Colleagues and Friends Gather to Celebrate the Life of Professor Denyse Thomasos

“This evening is less concerned with the pain of separation and loss than it is with honoring and celebrating a colleague who was an immensely gifted artist and teacher.”

With those words, the chair of the Arts, Culture and Media Department at Rutgers-Newark, Ian Watson, graciously welcomed an audience of about 80 people to a special memorial service held on Wednesday (March 13) for former Professor Denyse Thomasos, who died last July at age 47.

The event, held in Bradley Hall, brought together family, friends, colleagues and students to share stories, laughs and a few tears in memory of one of Rutgers-Newark’s most dynamic faculty members, who left a powerful and lasting legacy in her internationally acclaimed work and the countless students she challenged, and nurtured, on campus.

Those attending included Rutgers-Newark’s Interim Chancellor Philip Yeagle and Acting NCAS Dean Jan Lewis.

“Denyse visited me soon after I became NCAS dean several years ago and showed me her work,” said Yeagle, speaking first at the service, which was held in Bradley Hall. “Her compendium stayed on the table in my office the entire time I was dean. I had a very real, immediate and emotional reaction to her work, which is bold, provocative and speaks beautifully to people across disciplinary boundaries.”

A Life of Fierceness and Commitment

Lewis followed by emphasizing Thomasos’ fierceness and determination in advocating for her students and taking on difficult issues in her work such as slavery and incarceration. She also noted what many in the room were feeling, that this supremely talented painter, whose outsize personality was matched only by the scale of her works, had left this earth too soon.

“I was proud to have her as a colleague,” Lewis said.

Thomasos, who was born in Trinidad in 1964, moved with her family to Canada in 1970. She grew up in Mississauga, Ontario, and earned her bachelor’s degree in painting and art history from the University of Toronto. In 1989, she graduated from Yale University with a Master of Fine Arts degree in painting and sculpture.

She arrived at Rutgers-Newark in 1995 to teach painting, drawing and print-making, after having taught for five years at Temple University in Philadelphia. She was an internationally recognized artist whose striking large-scale paintings contained vivid colors and interlocking architectural structures that spoke to the psychological legacy of slavery and incarceration on people of color.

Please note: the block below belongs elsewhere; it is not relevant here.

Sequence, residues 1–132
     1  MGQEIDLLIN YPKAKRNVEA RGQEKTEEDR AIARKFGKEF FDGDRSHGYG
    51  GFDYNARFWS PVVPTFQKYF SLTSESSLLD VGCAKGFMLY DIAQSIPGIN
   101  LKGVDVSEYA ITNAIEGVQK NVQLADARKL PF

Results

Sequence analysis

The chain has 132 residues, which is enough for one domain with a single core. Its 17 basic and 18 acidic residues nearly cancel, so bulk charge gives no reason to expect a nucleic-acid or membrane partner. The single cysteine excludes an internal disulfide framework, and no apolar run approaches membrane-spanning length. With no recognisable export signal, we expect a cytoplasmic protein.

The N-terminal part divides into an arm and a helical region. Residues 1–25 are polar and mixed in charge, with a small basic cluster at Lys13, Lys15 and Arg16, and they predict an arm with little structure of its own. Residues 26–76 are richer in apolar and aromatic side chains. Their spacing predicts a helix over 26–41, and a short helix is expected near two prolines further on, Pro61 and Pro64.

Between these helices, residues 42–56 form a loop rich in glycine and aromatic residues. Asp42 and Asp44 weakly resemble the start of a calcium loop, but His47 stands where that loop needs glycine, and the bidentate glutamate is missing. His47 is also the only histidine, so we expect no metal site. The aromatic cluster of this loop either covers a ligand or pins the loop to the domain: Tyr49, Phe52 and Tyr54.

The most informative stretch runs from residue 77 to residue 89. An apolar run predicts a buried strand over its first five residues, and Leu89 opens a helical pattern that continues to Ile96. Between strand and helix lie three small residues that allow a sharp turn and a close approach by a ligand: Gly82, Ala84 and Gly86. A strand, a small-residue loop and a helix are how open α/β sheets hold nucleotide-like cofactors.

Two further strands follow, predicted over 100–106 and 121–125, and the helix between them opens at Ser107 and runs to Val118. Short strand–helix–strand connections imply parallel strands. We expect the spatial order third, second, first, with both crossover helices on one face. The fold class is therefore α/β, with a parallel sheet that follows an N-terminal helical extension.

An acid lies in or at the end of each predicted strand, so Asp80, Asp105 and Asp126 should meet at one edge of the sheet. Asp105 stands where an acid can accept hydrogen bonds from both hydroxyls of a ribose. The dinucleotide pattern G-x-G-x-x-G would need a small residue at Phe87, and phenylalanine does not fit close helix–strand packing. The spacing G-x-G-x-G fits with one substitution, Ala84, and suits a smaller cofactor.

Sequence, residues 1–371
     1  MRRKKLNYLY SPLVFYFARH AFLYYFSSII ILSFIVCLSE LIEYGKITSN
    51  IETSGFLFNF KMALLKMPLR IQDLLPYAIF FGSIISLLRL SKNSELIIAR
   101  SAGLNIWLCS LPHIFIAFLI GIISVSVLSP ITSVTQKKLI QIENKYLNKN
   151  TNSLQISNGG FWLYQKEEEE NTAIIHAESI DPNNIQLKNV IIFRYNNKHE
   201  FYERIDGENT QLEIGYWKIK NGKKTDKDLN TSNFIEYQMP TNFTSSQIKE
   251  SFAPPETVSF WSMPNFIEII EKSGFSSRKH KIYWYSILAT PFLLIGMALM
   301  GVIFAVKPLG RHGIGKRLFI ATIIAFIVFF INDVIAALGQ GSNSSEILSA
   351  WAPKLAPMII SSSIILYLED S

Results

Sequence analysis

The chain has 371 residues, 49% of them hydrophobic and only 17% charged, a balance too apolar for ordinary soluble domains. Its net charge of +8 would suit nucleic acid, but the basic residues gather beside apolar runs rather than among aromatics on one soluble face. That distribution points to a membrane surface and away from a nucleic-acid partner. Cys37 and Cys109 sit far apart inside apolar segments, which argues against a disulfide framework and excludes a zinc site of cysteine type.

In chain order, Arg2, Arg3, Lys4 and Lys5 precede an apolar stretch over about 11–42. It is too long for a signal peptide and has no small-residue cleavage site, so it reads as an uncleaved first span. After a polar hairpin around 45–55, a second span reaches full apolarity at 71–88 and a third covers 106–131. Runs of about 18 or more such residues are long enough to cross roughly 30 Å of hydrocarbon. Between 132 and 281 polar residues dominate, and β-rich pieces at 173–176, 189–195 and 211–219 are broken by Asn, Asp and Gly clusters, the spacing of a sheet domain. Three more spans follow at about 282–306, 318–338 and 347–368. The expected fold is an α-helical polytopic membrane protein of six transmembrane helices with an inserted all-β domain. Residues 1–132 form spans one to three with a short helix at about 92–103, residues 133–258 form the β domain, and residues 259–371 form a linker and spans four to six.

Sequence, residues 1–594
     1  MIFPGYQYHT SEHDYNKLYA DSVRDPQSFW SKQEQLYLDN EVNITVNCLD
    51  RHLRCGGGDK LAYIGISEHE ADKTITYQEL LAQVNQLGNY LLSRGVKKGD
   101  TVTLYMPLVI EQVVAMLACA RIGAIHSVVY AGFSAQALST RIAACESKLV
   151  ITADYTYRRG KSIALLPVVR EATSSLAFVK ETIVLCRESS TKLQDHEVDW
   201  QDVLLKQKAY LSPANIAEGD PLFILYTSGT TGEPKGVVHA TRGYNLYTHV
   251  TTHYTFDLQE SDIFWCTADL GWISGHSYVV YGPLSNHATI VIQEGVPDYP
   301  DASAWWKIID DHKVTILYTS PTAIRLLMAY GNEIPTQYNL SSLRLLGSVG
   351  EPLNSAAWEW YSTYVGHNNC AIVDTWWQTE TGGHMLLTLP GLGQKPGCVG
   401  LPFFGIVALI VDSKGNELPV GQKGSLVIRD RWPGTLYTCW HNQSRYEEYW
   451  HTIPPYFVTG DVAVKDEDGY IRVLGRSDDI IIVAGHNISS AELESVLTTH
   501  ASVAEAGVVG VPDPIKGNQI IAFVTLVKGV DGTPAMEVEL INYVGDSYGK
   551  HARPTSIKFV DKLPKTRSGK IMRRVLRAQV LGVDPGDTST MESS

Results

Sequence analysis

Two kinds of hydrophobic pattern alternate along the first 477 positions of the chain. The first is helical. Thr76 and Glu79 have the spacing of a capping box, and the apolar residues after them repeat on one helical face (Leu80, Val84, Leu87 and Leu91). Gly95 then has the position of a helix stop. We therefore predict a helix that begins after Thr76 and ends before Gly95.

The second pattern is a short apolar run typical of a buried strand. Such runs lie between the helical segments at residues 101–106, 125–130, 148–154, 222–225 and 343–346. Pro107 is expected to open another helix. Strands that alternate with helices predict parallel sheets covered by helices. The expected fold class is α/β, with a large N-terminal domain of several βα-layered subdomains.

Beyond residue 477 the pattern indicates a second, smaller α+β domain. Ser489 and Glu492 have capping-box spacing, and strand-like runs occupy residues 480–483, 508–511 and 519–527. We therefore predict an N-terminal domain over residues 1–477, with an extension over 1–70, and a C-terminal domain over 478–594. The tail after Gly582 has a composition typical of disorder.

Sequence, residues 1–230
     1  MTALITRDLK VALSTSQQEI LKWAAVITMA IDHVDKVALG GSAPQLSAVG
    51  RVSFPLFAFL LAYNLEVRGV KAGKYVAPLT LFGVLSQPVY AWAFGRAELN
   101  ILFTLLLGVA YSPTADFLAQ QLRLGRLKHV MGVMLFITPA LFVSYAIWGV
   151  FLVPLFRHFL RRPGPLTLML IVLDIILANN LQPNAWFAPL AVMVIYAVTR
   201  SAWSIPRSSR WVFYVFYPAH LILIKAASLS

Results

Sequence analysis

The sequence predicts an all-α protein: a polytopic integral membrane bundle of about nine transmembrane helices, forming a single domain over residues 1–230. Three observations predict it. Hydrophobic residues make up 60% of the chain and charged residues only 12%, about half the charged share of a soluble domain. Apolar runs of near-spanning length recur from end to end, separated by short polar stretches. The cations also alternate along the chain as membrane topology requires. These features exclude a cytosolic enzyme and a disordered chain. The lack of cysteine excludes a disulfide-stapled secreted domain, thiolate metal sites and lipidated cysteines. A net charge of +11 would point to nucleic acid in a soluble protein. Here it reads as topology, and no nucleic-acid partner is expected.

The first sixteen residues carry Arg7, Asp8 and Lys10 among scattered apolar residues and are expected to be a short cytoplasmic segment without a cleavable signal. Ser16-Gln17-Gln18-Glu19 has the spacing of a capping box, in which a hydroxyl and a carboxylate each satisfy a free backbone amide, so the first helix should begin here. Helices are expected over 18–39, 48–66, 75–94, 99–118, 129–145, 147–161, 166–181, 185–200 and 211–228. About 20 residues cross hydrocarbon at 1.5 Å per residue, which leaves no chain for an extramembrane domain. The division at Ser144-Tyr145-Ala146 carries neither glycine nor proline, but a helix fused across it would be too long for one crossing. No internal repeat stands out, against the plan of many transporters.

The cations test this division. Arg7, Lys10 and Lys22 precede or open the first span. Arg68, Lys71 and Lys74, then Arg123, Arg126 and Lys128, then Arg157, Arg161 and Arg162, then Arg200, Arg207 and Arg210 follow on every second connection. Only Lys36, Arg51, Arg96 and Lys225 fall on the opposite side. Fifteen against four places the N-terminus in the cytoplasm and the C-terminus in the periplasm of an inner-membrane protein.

Her works garnered attention from prestigious publications such as ArtForum, Art in America, Canadian Art, The Globe and Mail and The New York Times. Over her too-short career she won more than 40 awards and numerous grants, including the Joan Mitchell Award; fellowships from the Guggenheim Foundation, the New York Foundation for the Arts and PEW; Bellagio, Yaddo and MacDowell Colony residencies; and a number of Canada Council project grants. Just prior to her death, she was awarded an art residency at the internationally renowned Bogliasco in Genoa, Italy.

In 2011, Thomasos was promoted to full professor in the Department of Arts, Culture and Media. She also served on the board of the Paul Robeson Campus Center Galleries.

A former resident of New York City, she is survived by her husband Samein Priester and their two-and-a-half-year-old daughter, Syann; her mother, Jennie Thomasos; and her sisters, Gail Thomasos Luciano and Lisa Thomasos.

Striving to Be Better

Priester, Thomasos’ husband, was one of nine speakers to share stories of her life during the memorial service, and perhaps the most moving. Like many speakers before him, he remarked on his wife’s indomitable spirit and ambition, which drove her to keep reaching higher as she pushed those around her, especially her students, to do the same.

Continuing in this vein, he said that many of his friends used to groan that Thomasos thought she was better than everyone else. He begged to differ.

“No, it wasn’t a competition for Denyse. Far from it. She might have been disappointed that you couldn’t see how great you were. And just because you couldn’t see it, she wasn’t going to slow down and wait for you to catch up,” said Priester. “She’d continue to be the best she could be, and nothing was going to stop her. She got me to see that my life was great, and that enabled me to do things I wouldn’t have done without her.”